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As a first-hand account of the weird mysteries and horrors of voodoo, Tell My Horse is an invaluable resource and fascinating guide. Based on Zora Neale Hurston's personal experiences in Haiti and Jamaica, where she participated as an initiate rather than just an observer of voodoo practices during her visits in the 1930s, this travelogue into a dark world paints a vividly authentic picture of ceremonies and customs and superstitions of great cultural interest.

Topics: Haiti, Jamaica, Caribbean, 1930s, Travelogue, Lyrical, Anthropology, Folk and Fairy Tales, Rituals, Symbolism, 20th Century, and Female Author

Published: HarperCollins on Oct 13, 2009
ISBN: 9780061847394
List price: $7.99
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An amazing account of Africans in the diasporaread more
Is this review helpful? Yes | NoThank you for your feedback.
Very vivid account of Hurston's travels through Jamaica and Haiti and herexploration of voodoo and related beliefs. Parts of the book dealing with Jamaica are fairly conventional travelogue, and her grim version of Haitian politics before the US intervention (which she regards as beneficial) may be controversial, but her participant-observer accounts of attending voodoo ceremonies are strikingly sympathetic for that period. She does report rumors of the cannibalistic "Secte Rouge" but regards it as separate from orthodox voodoo. She also is clearly aware that "zombies" are actually victims of poisoning, a fact whose "discovery" was widely hailed much more recently, but which was apparently the opinion of several qualified observers in Haiti in her day.read more
Is this review helpful? Yes | NoThank you for your feedback.
This is one of the best acedemic 'insiders' view of real haitian vodou. This is a must have book for anyone in the religion, thinking about becoming a part of the religion, or simply curious about what is real and what is false.read more
Is this review helpful? Yes | NoThank you for your feedback.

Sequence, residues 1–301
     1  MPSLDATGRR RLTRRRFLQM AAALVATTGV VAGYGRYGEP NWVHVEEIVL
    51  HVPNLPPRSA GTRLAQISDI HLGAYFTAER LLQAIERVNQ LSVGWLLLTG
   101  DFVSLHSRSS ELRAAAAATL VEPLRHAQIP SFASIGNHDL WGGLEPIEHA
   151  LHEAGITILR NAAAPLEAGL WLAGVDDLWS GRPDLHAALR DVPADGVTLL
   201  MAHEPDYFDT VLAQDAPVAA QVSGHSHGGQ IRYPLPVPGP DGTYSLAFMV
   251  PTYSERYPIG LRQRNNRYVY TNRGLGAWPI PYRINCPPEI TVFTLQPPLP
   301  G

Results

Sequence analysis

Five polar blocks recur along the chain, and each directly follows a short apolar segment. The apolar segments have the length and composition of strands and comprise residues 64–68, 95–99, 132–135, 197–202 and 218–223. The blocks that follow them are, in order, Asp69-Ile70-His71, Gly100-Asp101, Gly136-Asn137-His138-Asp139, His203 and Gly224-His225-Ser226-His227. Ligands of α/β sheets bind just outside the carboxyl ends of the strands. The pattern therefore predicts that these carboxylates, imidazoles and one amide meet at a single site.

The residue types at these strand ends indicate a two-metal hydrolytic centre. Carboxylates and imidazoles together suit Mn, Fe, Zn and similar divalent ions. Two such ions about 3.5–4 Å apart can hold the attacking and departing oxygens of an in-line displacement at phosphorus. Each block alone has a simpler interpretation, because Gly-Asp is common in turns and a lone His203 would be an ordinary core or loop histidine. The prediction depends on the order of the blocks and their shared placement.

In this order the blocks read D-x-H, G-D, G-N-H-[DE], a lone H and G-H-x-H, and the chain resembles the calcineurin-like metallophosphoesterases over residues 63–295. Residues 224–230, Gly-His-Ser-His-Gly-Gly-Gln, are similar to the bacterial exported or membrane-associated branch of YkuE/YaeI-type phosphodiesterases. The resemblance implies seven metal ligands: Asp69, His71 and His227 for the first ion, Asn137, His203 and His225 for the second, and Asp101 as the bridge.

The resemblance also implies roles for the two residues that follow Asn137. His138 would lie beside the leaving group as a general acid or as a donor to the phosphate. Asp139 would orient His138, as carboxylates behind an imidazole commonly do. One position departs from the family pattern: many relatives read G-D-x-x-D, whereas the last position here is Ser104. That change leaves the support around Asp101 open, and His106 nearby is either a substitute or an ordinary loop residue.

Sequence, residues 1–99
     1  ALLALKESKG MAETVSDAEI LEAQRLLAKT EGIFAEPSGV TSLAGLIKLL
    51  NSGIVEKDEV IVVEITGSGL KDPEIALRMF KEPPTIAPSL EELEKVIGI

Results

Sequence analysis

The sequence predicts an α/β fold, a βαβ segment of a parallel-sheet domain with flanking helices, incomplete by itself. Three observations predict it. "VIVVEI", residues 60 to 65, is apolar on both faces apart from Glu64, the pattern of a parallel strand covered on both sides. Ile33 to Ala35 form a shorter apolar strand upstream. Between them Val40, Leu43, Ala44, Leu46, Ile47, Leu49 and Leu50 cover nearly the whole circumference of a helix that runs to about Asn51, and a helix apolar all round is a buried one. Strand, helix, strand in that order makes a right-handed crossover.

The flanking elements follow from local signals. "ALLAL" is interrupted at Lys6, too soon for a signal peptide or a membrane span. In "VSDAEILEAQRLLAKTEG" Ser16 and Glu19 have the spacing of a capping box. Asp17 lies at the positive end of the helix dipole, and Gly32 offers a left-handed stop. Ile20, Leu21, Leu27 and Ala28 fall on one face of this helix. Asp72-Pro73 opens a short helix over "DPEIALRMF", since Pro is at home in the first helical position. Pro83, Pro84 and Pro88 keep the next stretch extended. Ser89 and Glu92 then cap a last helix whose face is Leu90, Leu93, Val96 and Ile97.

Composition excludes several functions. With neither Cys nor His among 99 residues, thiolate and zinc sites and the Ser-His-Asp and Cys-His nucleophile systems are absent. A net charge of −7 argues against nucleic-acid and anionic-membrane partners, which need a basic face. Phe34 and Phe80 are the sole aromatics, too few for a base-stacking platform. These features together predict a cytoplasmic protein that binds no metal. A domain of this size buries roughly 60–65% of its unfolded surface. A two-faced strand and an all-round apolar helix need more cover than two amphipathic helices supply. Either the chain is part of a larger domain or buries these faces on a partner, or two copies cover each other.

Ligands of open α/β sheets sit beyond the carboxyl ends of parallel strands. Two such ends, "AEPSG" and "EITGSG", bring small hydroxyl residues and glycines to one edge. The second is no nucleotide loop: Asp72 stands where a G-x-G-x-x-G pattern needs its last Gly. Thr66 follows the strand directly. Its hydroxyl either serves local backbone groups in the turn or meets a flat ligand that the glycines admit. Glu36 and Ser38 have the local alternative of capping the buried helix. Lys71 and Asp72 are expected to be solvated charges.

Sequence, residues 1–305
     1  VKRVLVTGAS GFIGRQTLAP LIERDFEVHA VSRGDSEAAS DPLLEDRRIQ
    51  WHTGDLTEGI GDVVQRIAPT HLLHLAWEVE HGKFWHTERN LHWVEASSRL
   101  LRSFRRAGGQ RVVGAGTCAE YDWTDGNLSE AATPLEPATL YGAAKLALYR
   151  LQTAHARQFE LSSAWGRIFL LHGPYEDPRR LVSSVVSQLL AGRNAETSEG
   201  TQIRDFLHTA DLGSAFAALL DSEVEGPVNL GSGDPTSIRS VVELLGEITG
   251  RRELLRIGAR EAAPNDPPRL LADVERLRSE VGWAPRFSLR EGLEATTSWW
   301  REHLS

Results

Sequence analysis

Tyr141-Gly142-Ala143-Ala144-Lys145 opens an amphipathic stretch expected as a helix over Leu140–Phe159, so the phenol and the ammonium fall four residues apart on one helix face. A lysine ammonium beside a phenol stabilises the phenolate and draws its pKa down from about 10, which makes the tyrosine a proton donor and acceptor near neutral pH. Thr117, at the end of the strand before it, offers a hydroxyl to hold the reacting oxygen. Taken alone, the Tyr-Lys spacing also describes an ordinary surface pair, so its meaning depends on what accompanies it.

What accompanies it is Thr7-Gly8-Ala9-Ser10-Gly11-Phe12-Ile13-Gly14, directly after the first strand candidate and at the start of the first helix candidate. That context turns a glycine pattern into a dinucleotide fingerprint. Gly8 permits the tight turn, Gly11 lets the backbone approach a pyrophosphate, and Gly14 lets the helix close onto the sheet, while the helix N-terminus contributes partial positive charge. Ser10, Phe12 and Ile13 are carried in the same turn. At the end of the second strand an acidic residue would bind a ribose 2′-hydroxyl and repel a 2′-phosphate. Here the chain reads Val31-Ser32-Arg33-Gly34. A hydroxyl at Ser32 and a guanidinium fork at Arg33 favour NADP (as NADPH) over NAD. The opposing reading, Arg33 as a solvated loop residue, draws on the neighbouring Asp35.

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An amazing account of Africans in the diaspora
Is this review helpful? Yes | NoThank you for your feedback.
Very vivid account of Hurston's travels through Jamaica and Haiti and herexploration of voodoo and related beliefs. Parts of the book dealing with Jamaica are fairly conventional travelogue, and her grim version of Haitian politics before the US intervention (which she regards as beneficial) may be controversial, but her participant-observer accounts of attending voodoo ceremonies are strikingly sympathetic for that period. She does report rumors of the cannibalistic "Secte Rouge" but regards it as separate from orthodox voodoo. She also is clearly aware that "zombies" are actually victims of poisoning, a fact whose "discovery" was widely hailed much more recently, but which was apparently the opinion of several qualified observers in Haiti in her day.
Is this review helpful? Yes | NoThank you for your feedback.
This is one of the best acedemic 'insiders' view of real haitian vodou. This is a must have book for anyone in the religion, thinking about becoming a part of the religion, or simply curious about what is real and what is false.
Is this review helpful? Yes | NoThank you for your feedback.
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